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Haiti’s Political Earthquake | The Nation


Glittering up above a backdrop of shantytowns and poorly constructed shacks is Petionville, the wealthy suburb of Port-au-Prince. On Bourdon Street, informal merchants sell art to the upper class and brand-new hotels appear to spring up weekly along the quiet suburban streets. Petionville is home to the tiny Haitian elite, and up here Martelly is beloved.

Despite his political shortcomings, posters donning his face and his nickname—Tet Kale, which is a term of endearment conferred to bald men—are still plastered throughout the neighborhood. Men and women sit in front of pro-Martelly murals. It’s no secret: Petionville is solid Martelly territory.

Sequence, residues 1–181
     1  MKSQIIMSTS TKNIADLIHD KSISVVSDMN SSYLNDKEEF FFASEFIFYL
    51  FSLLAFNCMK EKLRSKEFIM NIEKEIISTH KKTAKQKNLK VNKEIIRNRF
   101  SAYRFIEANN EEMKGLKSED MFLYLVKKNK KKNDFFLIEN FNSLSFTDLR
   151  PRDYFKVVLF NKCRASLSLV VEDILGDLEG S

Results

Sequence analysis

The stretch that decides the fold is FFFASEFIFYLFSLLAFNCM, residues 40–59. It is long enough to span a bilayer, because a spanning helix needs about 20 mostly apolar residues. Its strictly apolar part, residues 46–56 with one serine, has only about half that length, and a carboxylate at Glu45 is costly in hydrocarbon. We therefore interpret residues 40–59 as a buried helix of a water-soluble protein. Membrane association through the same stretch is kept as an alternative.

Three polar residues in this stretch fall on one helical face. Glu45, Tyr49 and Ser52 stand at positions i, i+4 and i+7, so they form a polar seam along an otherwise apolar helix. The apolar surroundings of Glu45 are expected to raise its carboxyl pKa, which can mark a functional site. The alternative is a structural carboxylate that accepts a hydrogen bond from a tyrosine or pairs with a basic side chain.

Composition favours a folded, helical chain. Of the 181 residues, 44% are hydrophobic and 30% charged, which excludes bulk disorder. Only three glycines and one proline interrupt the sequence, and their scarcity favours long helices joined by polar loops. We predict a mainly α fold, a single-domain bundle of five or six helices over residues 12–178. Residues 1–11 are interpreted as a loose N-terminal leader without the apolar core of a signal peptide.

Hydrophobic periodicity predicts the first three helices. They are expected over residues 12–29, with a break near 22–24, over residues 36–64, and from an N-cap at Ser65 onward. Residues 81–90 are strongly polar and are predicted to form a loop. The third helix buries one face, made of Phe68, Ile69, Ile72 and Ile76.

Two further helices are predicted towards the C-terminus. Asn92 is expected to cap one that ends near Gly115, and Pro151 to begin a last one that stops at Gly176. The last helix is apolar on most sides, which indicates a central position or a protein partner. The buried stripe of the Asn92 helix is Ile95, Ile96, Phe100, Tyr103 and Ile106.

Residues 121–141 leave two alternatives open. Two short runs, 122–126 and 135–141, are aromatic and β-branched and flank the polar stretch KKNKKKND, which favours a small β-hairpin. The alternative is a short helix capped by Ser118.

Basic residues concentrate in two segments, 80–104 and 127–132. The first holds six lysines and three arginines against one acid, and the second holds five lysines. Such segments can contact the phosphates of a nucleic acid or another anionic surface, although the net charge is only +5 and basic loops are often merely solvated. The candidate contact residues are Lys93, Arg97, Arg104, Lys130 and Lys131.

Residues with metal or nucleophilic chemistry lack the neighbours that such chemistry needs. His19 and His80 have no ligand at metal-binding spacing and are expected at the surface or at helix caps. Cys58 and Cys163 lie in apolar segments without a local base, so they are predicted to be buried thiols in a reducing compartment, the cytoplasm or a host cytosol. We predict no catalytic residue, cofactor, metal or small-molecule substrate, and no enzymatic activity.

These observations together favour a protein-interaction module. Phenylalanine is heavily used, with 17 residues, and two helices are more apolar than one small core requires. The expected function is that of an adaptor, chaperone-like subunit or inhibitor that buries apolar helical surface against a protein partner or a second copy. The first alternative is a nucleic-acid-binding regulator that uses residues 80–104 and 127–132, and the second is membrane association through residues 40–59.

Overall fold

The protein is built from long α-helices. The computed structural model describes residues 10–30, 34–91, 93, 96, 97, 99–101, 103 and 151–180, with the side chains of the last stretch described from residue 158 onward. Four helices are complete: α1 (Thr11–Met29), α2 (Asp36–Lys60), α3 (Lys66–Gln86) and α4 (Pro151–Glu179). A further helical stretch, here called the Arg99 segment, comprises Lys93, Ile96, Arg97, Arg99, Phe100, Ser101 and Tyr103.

But down below in Port-au-Prince, anti-government protests have been going on for months. Martelly’s failure to organize parliamentary elections has fueled demonstrations calling for his resignation. The impasse was caused by disagreements over the creation of an election council that would be tasked with implementing an electoral law and overseeing the voting. The election in question should have been held in 2011 and filled twenty seats in the Senate, all ninety-nine seats in the Chamber of Deputies and 140 municipal positions. via | The Nation

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